Map via the ACLU. Click here to hover for more info on each state.
Bans on insurance coverage of abortion didn’t really became a thing until recently. The vast majority of private insurance plans covered abortion, as they would any common medical procedure, and no made any fuss about it. But then the debate over health care reform happened and ultimately opened up the possibility for states to ban all abortion coverage in the new health exchanges.
And, as expected, many states have seized on that opportunity, extending the bans to private insurance as well. At least 21 states have passed legislation to stop insurance companies from paying for abortion; in 8 states, no one can get a plan that covers the procedure.
This state of affairs was made possible because during the health care reform fight the Hyde Amendment, which has denied insurance coverage of abortion to poor women, public employees, military families, and Native Americans for decades, was positioned as the status quo. As Rep. Stupak himself said recently, “I was just trying to keep the Hyde Amendment as it always has been.” While that’s not exactly the case, it’s true that Hyde set the precedent that it’s acceptable to single out abortion from the rest of our reproductive health care needs.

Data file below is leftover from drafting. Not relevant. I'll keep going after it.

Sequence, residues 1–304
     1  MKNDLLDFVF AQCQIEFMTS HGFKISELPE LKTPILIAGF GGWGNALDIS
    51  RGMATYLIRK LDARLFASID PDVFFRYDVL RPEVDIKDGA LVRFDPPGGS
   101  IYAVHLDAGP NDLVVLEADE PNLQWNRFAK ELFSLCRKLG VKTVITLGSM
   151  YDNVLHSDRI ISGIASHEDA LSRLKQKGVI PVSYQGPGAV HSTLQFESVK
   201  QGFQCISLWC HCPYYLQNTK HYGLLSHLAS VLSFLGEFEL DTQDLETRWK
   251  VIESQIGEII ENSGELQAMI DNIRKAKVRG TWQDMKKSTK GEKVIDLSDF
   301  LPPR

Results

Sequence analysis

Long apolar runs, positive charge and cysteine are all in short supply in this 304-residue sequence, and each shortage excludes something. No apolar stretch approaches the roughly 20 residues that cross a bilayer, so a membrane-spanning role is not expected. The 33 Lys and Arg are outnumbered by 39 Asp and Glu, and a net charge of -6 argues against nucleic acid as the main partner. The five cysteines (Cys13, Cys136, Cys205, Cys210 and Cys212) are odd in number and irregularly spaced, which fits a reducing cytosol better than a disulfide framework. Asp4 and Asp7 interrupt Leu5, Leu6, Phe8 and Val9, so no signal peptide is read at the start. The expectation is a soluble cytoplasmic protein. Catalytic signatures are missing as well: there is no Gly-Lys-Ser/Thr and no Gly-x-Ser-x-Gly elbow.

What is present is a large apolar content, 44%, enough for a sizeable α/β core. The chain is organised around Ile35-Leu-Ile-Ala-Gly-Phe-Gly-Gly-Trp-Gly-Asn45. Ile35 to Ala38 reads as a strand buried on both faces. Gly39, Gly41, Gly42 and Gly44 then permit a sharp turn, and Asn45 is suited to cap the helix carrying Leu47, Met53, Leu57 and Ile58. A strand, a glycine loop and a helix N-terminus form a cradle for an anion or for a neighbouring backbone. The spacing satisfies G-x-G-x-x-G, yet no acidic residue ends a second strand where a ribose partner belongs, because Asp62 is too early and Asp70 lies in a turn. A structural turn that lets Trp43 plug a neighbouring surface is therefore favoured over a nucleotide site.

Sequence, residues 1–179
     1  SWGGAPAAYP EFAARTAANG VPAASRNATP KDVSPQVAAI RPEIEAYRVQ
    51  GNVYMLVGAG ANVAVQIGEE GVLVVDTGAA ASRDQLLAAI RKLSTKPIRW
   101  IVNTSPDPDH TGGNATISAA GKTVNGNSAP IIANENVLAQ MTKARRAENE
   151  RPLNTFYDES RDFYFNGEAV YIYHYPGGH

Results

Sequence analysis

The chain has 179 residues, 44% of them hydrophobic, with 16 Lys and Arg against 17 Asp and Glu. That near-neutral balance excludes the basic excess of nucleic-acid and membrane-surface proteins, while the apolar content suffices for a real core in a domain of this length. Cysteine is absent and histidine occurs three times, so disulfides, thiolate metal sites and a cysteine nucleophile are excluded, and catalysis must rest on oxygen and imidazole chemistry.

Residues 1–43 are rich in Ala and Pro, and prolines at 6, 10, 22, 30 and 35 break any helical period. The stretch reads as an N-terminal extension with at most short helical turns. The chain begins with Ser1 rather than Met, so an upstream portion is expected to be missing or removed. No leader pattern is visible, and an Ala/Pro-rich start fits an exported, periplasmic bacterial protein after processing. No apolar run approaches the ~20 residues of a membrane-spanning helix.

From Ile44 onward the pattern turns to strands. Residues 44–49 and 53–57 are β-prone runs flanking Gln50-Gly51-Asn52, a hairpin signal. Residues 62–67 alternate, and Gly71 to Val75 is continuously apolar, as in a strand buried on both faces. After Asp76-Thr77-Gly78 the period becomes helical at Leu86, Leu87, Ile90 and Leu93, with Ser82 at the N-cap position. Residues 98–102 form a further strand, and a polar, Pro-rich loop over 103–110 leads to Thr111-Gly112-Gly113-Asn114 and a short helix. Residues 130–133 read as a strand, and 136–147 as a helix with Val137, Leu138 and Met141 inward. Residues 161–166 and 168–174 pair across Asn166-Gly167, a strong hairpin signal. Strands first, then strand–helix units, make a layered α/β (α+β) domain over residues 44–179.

But what if we stopped agreeing with that? Writing at RH Reality Check, my former coworkers at the National Institute for Reproductive Health see an opportunity for local elected officials to proactively stand up for abortion access at the city level.
But what if elected officials strongly and unequivocally spoke out in support of insurance coverage for abortion? What if they went on record declaring that a woman needs access to a range of safe, affordable reproductive health care services throughout her life, including abortion care? And that all women, regardless of income, need insurance coverage to access these services so that economic barriers do not dictate critical health care decisions? What if they called on Congress to stop withholding coverage for abortion care for qualified women?
City officials–who often see first-hand the disastrous effects of anti-choice policies–may be better positioned to advance pro-choice programs that are political untenable at the state and federal levels. And, hopefully eventually, city-by-city, “the quiet acquiescence that reinforces the Hyde Amendment’s ban on coverage just might start to disintegrate.”